Thanks, I agree with you about the dramatic effects of black-and-white; the masters of the twentieth-century photography certainly prove how profound the monochrome can be.
Normally, I’m b&w all the way, but the colours in these are so vibrant, I vote colour this time 🙂
Anne, thanks, you can tell that I’m a devotee to the monochrome, but many factors enter into the choice. Often color just makes the image what it needs to be.
1. happy and light in colour but 2. already mysterious.
3-6 feel the same whether colour or black and white.
7. mysterious but 8. already with a touch of omnisity
I liked first and last set of pictures best. Thank you. Mari
Thanks for the thoughtful comment–the late afternoon sky is a favorite time of day for me.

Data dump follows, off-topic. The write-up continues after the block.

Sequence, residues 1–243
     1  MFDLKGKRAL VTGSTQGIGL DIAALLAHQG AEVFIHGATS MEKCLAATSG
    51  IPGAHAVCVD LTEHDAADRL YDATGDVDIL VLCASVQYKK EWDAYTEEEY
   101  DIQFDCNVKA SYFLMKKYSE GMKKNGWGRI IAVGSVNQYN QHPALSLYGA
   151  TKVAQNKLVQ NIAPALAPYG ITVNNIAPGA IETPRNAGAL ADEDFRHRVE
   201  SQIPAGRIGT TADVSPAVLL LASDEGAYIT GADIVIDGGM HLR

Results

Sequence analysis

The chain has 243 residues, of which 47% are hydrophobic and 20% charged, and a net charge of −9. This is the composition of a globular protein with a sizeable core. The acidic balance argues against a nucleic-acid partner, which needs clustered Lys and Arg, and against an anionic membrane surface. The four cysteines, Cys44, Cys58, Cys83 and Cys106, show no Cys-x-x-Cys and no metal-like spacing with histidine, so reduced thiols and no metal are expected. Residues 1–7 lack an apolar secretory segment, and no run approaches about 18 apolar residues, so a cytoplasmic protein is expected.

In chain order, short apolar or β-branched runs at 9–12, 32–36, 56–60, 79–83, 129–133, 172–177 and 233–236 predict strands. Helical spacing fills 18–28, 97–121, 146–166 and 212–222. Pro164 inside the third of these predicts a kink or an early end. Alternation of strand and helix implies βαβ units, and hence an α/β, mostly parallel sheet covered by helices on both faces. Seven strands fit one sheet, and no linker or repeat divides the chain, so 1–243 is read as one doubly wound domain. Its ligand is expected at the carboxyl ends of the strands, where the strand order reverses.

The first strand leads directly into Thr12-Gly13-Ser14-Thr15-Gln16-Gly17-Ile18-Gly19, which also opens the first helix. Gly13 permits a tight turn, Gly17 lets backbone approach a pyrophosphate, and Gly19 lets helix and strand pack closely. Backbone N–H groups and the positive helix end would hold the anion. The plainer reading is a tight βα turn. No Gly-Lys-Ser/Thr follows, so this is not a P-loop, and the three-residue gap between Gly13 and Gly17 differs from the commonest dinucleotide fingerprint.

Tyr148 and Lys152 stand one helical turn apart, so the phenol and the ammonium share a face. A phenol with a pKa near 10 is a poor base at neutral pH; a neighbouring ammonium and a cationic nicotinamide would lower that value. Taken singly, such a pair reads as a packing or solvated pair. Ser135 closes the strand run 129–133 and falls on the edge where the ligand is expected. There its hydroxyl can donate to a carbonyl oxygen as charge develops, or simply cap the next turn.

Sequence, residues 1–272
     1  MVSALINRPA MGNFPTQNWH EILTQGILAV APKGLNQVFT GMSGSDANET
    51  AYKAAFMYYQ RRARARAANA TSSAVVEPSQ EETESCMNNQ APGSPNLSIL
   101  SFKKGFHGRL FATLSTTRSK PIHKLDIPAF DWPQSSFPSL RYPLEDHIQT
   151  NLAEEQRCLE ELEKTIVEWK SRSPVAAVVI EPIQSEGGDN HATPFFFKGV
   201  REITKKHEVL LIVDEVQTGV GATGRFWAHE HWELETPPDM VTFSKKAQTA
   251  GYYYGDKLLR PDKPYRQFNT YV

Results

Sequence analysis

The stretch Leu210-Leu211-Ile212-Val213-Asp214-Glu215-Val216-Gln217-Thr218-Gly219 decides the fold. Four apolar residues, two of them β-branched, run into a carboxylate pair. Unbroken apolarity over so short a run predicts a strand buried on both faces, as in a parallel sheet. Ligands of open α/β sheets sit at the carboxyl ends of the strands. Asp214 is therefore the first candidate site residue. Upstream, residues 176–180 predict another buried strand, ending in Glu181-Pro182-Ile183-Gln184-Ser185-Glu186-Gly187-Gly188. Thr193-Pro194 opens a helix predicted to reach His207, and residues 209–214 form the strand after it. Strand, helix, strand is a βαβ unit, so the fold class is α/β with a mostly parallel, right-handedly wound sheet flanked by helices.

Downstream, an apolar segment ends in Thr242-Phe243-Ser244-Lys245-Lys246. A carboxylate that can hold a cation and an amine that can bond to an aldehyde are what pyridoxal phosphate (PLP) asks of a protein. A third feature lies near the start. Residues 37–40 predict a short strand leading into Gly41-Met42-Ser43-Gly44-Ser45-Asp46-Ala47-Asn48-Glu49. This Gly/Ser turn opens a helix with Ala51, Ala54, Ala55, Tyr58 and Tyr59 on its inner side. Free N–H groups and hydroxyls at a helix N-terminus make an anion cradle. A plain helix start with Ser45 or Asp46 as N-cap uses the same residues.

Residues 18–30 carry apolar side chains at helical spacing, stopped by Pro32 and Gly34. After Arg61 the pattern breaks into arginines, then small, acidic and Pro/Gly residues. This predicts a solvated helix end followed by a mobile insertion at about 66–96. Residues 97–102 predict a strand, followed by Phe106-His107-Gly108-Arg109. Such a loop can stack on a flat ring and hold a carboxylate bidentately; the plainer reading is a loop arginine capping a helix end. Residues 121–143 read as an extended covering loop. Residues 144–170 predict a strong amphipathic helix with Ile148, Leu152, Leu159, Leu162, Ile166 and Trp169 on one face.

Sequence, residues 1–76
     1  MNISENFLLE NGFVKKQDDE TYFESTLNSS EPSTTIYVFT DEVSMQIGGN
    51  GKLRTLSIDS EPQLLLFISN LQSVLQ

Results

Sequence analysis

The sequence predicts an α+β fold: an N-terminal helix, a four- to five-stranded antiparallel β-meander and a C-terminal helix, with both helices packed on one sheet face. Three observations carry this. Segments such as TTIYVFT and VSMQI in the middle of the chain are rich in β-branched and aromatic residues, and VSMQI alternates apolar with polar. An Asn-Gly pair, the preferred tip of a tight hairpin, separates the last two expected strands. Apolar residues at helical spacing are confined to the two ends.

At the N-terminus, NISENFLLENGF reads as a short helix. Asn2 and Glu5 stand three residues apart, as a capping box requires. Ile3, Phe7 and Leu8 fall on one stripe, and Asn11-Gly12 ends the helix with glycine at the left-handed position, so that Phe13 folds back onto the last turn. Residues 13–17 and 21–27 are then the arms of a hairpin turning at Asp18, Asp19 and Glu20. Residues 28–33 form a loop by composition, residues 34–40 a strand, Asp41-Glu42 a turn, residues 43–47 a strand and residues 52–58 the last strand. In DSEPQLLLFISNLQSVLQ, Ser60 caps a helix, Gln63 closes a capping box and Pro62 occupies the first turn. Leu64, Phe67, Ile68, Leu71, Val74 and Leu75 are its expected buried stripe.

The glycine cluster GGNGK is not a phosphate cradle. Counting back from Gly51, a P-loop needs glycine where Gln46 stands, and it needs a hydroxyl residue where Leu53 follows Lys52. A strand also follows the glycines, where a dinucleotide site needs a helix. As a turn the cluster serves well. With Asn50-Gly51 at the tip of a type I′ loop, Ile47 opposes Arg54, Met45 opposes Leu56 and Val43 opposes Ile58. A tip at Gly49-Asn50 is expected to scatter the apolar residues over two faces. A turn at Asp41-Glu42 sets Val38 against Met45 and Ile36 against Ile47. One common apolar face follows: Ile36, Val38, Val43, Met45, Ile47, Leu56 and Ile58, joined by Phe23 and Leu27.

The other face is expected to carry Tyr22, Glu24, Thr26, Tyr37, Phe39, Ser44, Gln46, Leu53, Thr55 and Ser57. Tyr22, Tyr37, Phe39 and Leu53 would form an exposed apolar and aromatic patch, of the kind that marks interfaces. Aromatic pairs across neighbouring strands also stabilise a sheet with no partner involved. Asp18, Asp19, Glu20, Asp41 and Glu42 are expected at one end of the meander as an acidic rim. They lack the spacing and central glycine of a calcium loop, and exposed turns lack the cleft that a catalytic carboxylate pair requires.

It’s really hard to take a preference here. I enjoy the b&w, but the color ones are very good too. Sometimes it depends on my mood. Your presentation sharpens my eye, excellent work!
Dina, thanks for your comment–I agree. I’m drawn emotionally and technically to black-and-white, but color can be just as alluring.
I think it is interesting how in Part 1 the color picture looks brighter, and in Part 3 the black and white photo looks brighter than its color counterpart. You did a great job. I love pictures of the sky.
Rebecca, thank you, I am smitten with sunsets and the late afternoon light.
I am too, especially in winter, because you see it more. There is something special about it; perhaps because it is fleeting. As a writer, I am constantly inspired by nature and photographs of nature.
I understand. For me Mother Nature never ceases to push my way of seeing the world. Thank you.